noun: adherence to the highest principles and ideals : uprightness
The tale of young George Washington’s refusal to tell a lie after cutting down his father’s cherry tree was told to us as grade schoolers to illustrate his probity.
“The Senate has confirmed Jeh Johnson, once the Pentagon’s top lawyer, to lead the Department of Homeland Security. Mr. Johnson brings a sharp legal mind and reputation for probity to the job.” — From an editorial in The New York Times, December 26, 2013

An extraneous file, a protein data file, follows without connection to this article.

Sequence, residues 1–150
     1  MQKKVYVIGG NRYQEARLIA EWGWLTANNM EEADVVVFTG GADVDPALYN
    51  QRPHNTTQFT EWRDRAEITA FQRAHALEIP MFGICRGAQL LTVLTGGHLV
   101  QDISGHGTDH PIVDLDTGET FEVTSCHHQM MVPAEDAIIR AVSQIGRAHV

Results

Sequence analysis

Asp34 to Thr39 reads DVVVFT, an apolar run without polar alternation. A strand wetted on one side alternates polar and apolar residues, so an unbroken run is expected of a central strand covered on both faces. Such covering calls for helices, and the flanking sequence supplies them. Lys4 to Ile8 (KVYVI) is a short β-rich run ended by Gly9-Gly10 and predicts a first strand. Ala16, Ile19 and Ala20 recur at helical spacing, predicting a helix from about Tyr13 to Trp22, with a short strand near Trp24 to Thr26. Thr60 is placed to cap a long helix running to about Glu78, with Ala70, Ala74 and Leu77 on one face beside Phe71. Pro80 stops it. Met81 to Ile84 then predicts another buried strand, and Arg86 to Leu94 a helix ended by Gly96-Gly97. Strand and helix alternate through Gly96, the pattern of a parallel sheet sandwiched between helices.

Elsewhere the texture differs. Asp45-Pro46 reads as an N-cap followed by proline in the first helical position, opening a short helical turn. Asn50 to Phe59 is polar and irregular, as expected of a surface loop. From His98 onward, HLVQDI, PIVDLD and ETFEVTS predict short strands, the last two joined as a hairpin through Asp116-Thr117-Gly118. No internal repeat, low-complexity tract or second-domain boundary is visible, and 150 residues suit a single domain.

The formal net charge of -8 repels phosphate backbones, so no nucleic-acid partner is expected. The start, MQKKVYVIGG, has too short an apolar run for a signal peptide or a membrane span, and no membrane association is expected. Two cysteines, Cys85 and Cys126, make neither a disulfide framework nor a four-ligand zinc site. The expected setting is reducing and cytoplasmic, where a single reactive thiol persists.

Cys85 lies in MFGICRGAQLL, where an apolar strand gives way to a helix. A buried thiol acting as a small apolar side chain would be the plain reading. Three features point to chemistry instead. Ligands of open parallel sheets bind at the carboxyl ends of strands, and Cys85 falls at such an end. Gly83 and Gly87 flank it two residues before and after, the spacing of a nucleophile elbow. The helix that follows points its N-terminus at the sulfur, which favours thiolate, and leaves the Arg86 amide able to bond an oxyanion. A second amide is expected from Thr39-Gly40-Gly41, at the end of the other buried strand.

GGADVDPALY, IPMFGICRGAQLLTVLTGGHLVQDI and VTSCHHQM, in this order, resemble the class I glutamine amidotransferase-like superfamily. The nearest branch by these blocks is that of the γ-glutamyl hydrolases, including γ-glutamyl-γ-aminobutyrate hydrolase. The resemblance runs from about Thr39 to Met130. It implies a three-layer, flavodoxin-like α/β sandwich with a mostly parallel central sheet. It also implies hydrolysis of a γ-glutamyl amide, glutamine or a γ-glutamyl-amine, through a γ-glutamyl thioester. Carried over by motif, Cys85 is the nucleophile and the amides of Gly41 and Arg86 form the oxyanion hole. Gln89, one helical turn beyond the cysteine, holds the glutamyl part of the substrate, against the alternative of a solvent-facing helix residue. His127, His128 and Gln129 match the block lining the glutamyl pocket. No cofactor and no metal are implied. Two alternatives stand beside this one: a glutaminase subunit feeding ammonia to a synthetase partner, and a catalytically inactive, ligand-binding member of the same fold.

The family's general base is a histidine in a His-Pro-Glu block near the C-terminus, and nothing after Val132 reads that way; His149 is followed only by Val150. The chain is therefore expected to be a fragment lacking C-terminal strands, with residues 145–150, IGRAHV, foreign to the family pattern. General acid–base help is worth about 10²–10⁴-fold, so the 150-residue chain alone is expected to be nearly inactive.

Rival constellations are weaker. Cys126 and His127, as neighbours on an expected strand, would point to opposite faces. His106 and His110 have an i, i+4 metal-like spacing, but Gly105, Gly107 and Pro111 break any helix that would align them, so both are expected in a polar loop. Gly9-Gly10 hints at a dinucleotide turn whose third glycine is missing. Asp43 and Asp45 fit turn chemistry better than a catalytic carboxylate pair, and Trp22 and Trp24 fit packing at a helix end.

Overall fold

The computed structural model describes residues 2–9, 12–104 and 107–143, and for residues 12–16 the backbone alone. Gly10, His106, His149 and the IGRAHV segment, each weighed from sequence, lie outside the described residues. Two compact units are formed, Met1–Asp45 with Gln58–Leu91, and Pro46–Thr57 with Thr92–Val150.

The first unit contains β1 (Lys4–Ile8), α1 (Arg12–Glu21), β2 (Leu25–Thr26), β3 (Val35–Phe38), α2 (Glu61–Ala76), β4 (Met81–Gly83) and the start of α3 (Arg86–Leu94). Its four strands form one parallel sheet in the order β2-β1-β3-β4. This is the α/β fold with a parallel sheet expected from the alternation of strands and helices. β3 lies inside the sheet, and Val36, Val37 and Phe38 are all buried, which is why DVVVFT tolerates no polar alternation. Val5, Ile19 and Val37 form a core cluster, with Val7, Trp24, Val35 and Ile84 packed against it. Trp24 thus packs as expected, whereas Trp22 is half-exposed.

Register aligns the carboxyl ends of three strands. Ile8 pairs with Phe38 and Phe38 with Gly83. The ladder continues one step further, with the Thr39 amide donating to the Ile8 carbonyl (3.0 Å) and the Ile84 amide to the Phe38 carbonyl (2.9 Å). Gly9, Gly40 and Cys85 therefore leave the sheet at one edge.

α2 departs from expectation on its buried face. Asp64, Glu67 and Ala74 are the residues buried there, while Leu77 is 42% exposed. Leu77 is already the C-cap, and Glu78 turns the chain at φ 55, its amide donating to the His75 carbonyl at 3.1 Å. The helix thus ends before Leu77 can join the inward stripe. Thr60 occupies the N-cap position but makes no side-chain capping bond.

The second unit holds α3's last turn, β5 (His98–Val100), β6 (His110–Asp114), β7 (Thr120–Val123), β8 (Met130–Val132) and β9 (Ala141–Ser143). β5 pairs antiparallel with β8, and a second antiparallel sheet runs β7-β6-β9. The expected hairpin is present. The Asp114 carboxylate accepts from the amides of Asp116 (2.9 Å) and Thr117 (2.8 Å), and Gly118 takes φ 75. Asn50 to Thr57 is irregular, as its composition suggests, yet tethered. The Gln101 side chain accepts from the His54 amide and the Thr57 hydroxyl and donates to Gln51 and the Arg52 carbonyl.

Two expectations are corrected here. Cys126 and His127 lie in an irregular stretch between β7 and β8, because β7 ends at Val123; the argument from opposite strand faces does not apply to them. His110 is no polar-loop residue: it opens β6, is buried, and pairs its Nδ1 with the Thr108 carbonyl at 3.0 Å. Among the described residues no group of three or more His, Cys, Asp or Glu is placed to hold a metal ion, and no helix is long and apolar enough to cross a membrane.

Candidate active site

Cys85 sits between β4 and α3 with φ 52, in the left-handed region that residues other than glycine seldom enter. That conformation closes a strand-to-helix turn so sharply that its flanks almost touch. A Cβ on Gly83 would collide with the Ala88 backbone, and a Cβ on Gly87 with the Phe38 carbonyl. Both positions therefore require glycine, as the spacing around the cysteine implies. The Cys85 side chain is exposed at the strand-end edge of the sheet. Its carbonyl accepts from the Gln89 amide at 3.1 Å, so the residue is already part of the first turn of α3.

Did you know?
“Probity” and its synonyms “honesty,” “honor,” and “integrity” all mean uprightness of character or action, with some slight differences in emphasis. “Honesty” implies a refusal to lie or deceive in any way. “Honor” suggests an active or anxious regard for the standards of one’s profession, calling, or position. “Integrity” implies trustworthiness and incorruptibility to a degree that one is incapable of being false to a trust, responsibility, or pledge. “Probity,” which descends from Latin “probus,” meaning “honest,” implies tried and proven honesty or integrity.